n   Then roll a 20-sided die along with the other 3 dice. If a 1 or 2 occurs on the 20-sided die then consult the following chart using the single white die from the initial roll for the play outcome (you do not refer to the player cards in this case):



 


LEFT HANDED BATTER


 


 


 


RIGHT HANDED BATTER


 


 


Swing Away


Beat Shift


 


 


Swing Away


Beat Shift


1


HR(rf)1-8, Do 9-20


DOUBLE (lf)


1


HR(lf)1-8, Do 9-20


DOUBLE (rf)


2


gb (2b) B


SINGLE (lf)


 


2


gb (2b) B


SINGLE (rf)


3


gb (2b) B


SINGLE (lf)


 


3


gb (2b) B


SINGLE (rf)


4


gb (ss) B


gb (3b) B


 


4


gb (ss) B


gb (1b) B


5


gb (ss) B


gb (3b) B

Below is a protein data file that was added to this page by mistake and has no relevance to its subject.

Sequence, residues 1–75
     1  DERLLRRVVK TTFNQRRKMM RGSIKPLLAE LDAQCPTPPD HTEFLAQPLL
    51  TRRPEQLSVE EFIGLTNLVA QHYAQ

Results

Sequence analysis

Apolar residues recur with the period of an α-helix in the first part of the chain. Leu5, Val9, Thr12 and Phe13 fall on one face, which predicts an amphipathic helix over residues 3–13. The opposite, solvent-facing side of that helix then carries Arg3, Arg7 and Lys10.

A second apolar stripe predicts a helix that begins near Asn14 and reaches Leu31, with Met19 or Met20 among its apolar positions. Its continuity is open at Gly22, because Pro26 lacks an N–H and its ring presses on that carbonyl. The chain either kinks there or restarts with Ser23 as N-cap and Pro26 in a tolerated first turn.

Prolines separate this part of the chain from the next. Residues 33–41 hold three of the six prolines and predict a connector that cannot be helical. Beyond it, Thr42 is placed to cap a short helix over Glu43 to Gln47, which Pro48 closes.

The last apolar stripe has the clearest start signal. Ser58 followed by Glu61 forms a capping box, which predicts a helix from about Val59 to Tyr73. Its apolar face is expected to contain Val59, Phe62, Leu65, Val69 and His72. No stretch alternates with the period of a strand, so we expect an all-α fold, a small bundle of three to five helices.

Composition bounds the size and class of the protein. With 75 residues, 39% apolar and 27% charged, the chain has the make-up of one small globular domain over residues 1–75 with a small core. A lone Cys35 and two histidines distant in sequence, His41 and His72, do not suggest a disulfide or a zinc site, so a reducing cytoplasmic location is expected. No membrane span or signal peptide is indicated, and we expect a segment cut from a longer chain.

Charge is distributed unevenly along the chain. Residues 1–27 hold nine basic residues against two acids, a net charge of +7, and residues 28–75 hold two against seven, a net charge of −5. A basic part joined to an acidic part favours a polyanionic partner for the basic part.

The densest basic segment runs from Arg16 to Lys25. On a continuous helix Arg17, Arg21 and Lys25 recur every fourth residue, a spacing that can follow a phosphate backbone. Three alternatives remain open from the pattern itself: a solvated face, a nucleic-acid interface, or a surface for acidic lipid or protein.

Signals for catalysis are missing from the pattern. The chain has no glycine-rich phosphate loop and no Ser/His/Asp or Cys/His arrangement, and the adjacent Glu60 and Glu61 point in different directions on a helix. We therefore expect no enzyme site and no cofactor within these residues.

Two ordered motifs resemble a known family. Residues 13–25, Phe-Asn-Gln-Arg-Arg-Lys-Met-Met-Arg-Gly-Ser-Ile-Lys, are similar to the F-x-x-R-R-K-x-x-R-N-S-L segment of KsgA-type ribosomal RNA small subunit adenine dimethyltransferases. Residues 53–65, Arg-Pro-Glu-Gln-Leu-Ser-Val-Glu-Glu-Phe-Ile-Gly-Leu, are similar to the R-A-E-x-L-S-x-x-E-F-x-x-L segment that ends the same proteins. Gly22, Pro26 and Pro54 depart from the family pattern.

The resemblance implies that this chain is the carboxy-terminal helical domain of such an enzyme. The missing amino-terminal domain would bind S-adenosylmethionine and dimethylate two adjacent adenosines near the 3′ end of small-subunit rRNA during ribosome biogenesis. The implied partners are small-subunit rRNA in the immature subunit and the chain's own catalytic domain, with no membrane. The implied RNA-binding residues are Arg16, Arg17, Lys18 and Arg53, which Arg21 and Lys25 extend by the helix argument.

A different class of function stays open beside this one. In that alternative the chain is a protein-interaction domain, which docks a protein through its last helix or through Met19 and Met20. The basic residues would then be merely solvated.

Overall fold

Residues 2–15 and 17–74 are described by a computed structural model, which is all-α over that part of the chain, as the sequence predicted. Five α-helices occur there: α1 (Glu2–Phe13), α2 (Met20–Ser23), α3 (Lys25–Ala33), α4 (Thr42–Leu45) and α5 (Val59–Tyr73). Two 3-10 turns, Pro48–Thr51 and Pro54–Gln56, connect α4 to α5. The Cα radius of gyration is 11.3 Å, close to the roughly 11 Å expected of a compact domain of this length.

5


gb (ss) B


gb (1b) B


6


gb (1b) B


gb (3b) B


 


6


gb (3b) B


gb (1b) B

 

            n If a 3 through 20 occurs on the 20-sided die then use the other three dice to determine the play result by reading it from the card as you normally would, with the following exception:

            If the offense has called "Beat the Shift" and the play result is a homerun and the initial 20-sided die roll was a 3 through 8 then the play result may be over-ridden. Since the offense has tried to beat the shift by hitting to the opposite side of the field, the batter's power has been diminished.  So if a homerun occurs in this circumstance then roll a single die to determine the play result:



Die Roll


Result


1


Homerun


2


Homerun


3


Homerun


4


Double


5


Double


6


Single